Enzyme-Linked Immunosorbent Assay (ELISA) are widely used as diagnostic tools in medicine as well as quality control measures in various industries. They are also used as analytical tools in biomedical research for the detection and quantification of specific antigens or antibodies in a given sample. ELISA is actually derived from a previously known technique called Radio Immuno Assay(RIA). RIA was first described by Yalow and Berson in 1959, a great discovery for which they won a Nobel Prize in Medicine in 1977 [1]. In search for replacing radioactive isotopes, ELISA was introduced in the 1970s [2]. Currently, many ELISA techniques are used in various fields of science and technology. In the typical double antibody sandwich ELISA, antibody attached to the bottom of a well provides both antigen capture and immune specificity, while the second antibody linked to an enzyme provides detection and an amplification factor. Additional advantages of ELISA include the fact that results are highly quantitative and generally reproducible [3]. At the same time, several weaknesses have been recognized for this method because ELISA performance is largely dependent on antibody quality, kit manufacturer’s error, as well as operator skills and experience dealing are of keen importance [4]. ELISA is routinely performed on 96-well plates to allow samples to be tested singly or in duplicate. This essay is fairly simple, requiring only a small amount of serum and is completed within a day, allowing the analysis of a large number of samples in a relatively short time [5].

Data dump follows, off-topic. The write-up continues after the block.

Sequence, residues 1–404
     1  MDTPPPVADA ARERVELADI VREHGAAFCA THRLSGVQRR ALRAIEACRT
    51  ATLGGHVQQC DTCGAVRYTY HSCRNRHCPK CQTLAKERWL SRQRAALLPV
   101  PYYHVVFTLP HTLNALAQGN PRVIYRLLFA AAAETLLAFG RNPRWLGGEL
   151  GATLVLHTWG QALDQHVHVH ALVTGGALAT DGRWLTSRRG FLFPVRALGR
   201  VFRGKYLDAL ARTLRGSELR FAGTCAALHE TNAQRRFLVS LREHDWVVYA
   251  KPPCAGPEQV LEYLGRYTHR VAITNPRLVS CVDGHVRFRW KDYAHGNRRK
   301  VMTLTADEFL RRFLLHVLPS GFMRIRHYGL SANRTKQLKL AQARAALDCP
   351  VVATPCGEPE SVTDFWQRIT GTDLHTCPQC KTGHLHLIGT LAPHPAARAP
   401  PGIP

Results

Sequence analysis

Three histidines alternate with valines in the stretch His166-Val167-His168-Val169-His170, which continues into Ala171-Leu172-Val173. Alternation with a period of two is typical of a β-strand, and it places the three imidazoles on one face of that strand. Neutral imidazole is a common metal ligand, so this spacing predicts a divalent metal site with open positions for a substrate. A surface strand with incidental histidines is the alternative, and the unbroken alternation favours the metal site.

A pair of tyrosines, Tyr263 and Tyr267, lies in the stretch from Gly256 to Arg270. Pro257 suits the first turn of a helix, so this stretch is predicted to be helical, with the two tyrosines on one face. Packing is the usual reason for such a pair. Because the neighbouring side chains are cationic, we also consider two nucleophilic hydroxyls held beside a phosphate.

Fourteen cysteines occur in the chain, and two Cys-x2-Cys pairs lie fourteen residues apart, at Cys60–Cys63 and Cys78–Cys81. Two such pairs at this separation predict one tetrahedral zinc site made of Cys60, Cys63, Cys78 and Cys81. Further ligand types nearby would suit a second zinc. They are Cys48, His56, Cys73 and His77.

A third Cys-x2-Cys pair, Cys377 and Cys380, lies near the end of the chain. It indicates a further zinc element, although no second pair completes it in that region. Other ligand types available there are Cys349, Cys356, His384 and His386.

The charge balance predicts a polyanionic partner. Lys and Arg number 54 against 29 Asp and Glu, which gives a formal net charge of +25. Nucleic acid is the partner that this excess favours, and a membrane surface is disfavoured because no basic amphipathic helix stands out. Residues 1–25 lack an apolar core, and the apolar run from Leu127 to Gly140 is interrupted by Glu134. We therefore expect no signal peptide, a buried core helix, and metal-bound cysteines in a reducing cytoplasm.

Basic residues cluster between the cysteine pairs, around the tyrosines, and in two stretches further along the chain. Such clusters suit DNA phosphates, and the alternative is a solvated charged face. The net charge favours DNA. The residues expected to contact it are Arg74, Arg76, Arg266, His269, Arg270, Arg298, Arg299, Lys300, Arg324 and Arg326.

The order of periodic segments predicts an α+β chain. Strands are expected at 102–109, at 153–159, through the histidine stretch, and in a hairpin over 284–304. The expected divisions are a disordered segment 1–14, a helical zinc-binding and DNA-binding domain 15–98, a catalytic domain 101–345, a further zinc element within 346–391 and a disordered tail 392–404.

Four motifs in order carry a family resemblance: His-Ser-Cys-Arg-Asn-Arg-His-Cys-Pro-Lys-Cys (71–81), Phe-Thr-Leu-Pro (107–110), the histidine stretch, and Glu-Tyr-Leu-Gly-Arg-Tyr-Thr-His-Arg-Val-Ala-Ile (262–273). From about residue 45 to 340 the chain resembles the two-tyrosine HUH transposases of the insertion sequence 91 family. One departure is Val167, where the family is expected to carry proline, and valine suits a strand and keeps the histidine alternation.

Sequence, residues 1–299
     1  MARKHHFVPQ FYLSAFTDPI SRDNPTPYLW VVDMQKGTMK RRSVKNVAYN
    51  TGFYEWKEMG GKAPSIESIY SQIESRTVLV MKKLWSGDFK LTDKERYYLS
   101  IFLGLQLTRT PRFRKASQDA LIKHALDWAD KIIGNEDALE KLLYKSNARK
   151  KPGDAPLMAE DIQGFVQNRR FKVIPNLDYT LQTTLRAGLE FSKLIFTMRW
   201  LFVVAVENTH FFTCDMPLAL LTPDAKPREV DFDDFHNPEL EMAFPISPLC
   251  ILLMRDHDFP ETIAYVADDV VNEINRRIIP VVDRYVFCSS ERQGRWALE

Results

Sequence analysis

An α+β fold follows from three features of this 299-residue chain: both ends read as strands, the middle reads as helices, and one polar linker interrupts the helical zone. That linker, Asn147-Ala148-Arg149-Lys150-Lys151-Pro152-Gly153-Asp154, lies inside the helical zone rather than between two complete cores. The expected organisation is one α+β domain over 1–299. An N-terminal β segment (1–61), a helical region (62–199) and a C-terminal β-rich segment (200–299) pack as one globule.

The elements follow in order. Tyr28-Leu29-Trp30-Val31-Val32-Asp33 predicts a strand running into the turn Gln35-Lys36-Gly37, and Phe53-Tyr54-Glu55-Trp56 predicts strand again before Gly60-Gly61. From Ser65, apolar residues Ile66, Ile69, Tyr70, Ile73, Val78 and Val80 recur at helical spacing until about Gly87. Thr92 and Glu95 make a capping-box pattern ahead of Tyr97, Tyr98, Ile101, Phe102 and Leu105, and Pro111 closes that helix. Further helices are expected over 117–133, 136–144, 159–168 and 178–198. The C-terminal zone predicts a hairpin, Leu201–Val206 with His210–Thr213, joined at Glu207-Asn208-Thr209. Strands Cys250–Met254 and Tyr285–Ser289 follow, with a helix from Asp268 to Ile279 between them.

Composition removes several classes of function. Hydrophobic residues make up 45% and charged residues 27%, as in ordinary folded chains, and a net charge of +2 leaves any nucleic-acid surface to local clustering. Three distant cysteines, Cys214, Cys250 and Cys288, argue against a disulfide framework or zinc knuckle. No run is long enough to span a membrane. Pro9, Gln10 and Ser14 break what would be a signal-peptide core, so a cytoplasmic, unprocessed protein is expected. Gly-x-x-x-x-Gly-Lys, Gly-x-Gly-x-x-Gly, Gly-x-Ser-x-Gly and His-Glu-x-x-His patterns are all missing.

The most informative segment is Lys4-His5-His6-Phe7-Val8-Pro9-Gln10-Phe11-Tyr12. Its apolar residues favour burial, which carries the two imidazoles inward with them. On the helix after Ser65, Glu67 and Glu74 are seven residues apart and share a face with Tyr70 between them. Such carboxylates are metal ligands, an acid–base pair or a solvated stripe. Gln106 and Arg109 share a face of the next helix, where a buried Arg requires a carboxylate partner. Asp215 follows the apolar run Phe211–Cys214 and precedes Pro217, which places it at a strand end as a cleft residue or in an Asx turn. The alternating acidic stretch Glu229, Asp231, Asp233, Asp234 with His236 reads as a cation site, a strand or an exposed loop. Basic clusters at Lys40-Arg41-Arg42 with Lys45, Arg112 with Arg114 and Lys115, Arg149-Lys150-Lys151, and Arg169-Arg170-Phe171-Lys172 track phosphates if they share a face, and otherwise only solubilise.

Principal of Conventional ELISA

Enzyme Immunoassay (EIA) and ELISA uses the basic immunology concept of an antigen binding to its specific antibody, which allows detection of very small quantities of antigens such as proteins, peptides, hormones, or antibody in a fluid sample. EIA and ELISA utilize enzyme-labeled antigens and antibodies to detect the biological molecules. The most commonly used enzymes are alkaline phosphatase and glucose oxidase. The antigen in fluid phase is immobilized, usually in 96-well microtiter plates allowing the antigen to bind to its specific antibody, which is subsequently detected by a secondary, enzyme-coupled antibody. A chromogenic substrate for the enzyme yields a visible color change or fluorescence, indicating the presence of antigen. Quantitative or qualitative measures can be assessed based on such colorimetric reading. Fluorogenic substrates have higher sensitivity and can accurately measure levels of antigen concentrations in the sample [6].